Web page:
PRACTICAL GUIDELINES FOR EPIDEMIOLOGICAL STUDIES OF FOOTBALL INJURIES: THE UEFA MODEL
Studies should have a prospective cohort design. This is because the retrospective design is associated with a well known risk of recall bias, as recently shown by the F-MARC group.9 Furthermore, a prospective cohort study is a more powerful study design than a case-control study when the purpose is to determine the risk factors for injury.26 Finally, with a prospective design, it is possible to measure accurately exposure to risk of injury.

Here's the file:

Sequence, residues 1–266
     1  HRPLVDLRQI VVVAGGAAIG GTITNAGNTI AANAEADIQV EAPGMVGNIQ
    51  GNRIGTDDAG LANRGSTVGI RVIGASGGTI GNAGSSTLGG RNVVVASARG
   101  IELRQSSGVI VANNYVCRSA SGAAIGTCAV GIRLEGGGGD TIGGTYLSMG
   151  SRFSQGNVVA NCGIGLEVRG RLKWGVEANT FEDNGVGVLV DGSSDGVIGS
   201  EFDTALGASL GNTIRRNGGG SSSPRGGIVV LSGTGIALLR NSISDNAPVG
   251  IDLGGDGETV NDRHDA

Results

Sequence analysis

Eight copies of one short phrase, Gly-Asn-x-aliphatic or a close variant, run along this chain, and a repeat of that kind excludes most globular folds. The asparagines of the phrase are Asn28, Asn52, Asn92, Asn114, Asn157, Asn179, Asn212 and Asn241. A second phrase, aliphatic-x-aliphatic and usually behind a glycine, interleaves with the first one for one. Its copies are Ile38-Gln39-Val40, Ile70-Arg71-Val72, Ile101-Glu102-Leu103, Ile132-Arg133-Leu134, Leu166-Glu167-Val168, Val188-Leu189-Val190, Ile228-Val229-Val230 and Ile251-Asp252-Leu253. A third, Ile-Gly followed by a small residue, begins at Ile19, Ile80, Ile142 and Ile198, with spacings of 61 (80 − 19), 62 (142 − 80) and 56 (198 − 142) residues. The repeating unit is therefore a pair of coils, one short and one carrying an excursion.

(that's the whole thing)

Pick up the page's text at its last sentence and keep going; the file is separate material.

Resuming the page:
To evaluate the injury risk in a certain sport, the exposure factor needs to be considered—that is, the time during which the participant is at risk of injury should be measured.27 On the basis of an accurate exposure record, injury incidence can be expressed, usually as the number of injuries per 1000 hours of participation.16 Ideally, the exposure record should be individual and based on real exposure time, rather than on an estimate based on attendance during training sessions and matches. If individual exposure is recorded, a more advanced model can be used to study risk factors for injury: a Cox proportional hazards regression model. Exposure time, measured as the number of hours of exposure for each player (training and match participation), from the start of the follow up period (the start of the season) until the event (the first injury) or the end of follow up (for players who are not injured) is the main variable here. The strength of this approach is that the method can be adjusted for the fact that playing time can vary greatly between players in a team. This may be important, because the best players play more games than the substitutes, and perhaps even train harder. It also takes censorship into account—that is, shortened follow up for reasons other than injury, such as sickness, moving to a different club, quitting the sport for reasons other than injury.